Diversification of standard structure is often quoted as a way to spread risks from a range of potentially damaging impacts. How this is achieved is very much dependent on management objectives and site location.
Significant reforestation in the inter war period and after the Second World War resulted in significant tracts of single age forests with limited species diversity. Forest design planning and the effects of gales have subsequently resulted in diversification of age structure. However large areas of single age conifer plantations continue to be managed as clear fell systems.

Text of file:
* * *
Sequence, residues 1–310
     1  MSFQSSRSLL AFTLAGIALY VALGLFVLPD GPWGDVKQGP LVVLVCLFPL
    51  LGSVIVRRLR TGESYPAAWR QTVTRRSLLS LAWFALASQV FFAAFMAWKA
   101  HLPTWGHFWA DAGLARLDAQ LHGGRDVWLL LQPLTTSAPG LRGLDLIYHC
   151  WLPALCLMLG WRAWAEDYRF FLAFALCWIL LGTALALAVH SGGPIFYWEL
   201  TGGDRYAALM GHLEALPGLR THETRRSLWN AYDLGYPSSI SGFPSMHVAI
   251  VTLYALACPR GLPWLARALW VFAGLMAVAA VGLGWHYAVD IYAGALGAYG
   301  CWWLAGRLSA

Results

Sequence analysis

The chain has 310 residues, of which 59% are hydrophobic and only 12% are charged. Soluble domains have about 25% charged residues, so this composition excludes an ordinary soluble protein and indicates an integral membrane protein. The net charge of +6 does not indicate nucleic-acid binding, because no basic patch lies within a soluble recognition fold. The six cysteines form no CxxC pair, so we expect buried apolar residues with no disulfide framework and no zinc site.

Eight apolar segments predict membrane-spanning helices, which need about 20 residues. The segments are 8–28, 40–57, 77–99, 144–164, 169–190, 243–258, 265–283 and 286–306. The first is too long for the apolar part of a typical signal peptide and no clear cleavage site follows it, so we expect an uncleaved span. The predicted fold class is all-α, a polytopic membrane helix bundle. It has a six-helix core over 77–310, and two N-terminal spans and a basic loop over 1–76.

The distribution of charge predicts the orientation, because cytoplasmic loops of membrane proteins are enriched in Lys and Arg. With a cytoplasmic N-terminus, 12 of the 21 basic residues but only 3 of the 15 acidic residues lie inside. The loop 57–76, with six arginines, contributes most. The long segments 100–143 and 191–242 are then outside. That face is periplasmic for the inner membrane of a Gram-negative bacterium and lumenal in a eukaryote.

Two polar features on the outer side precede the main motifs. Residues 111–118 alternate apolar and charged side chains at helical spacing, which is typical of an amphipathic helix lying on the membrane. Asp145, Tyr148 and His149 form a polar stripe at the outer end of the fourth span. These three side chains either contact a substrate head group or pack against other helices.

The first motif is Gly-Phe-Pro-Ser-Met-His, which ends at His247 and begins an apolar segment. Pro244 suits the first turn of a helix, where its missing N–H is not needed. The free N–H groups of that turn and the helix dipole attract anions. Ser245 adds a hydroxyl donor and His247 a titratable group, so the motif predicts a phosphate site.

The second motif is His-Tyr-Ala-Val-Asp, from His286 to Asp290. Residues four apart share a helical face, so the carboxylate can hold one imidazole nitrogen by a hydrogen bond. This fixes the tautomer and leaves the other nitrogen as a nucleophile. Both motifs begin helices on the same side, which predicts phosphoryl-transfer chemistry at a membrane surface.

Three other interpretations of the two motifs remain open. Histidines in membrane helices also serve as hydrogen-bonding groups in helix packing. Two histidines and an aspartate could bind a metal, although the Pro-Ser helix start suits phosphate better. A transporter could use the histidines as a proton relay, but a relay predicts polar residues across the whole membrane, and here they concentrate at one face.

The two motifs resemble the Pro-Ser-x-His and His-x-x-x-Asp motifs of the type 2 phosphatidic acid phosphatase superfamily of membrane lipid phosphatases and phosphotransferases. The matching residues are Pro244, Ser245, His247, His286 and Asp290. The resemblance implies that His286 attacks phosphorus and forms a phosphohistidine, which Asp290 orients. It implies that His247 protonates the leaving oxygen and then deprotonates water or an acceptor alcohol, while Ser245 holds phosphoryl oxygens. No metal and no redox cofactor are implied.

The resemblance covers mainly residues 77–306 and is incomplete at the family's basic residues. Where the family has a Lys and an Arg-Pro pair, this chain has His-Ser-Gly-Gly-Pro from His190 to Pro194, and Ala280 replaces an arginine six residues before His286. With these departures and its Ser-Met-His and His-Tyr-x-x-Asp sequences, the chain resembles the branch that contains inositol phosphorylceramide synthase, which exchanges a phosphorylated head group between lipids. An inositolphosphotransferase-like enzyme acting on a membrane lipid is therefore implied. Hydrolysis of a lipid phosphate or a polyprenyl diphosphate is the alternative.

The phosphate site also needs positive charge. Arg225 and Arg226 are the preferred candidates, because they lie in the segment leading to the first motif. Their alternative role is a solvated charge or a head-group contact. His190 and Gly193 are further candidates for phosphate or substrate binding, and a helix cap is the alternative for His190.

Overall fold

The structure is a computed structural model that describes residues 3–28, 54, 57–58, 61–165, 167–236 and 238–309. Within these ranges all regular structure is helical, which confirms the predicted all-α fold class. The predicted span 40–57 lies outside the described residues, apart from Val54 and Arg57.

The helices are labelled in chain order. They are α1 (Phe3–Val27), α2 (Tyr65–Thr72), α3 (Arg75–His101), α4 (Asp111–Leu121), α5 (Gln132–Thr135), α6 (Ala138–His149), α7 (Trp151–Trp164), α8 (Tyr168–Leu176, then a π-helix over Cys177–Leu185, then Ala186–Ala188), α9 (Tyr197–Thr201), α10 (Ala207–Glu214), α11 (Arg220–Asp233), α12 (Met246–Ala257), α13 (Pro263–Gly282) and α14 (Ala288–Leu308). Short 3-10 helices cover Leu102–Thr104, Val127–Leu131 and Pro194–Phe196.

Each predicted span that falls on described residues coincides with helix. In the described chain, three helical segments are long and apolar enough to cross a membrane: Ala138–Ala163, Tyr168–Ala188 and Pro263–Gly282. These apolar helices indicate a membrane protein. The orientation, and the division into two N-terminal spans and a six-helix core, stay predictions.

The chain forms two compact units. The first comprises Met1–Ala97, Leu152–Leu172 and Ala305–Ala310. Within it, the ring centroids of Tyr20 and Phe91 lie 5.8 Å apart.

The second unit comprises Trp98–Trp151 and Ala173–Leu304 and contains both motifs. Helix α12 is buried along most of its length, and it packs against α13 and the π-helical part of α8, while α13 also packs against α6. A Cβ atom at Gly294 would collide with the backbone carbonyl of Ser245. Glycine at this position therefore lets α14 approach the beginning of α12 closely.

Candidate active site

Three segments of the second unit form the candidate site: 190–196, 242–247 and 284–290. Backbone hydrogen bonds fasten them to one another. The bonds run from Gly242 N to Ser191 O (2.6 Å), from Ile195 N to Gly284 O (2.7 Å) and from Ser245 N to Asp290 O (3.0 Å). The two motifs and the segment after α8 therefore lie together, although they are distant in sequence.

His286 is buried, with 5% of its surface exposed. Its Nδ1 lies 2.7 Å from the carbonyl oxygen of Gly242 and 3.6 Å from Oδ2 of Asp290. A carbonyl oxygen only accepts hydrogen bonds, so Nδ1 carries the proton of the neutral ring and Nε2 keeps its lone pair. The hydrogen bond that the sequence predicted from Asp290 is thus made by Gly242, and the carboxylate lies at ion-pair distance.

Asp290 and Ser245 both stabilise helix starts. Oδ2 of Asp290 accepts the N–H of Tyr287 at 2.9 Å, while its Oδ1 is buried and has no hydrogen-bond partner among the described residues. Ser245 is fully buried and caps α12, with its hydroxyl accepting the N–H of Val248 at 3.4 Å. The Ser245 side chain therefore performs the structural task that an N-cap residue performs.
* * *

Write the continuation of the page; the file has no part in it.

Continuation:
Increasingly, forest managers are recognising the potential benefits of continuous cover forestry and close to nature systems, which are considered as providing:
- increased stability to the impacts of wind storms;
- natural regeneration and improved microclimate for young trees;
- reduced vulnerability to pests and diseases;
- visually attractive woodland.
A considerable body of evidence and guidance is available to guide practitioners. The links on right of this page lead to further information.
Forestry Commission staff are given operational specific guidance through 'Operational Guide Booklets'(OGB). OGB7, managing continuous forests, and other FC OGB's, can be ordered via this link.
Financial support for Continuous cover forestry, is available via the EWGS. Please click on this link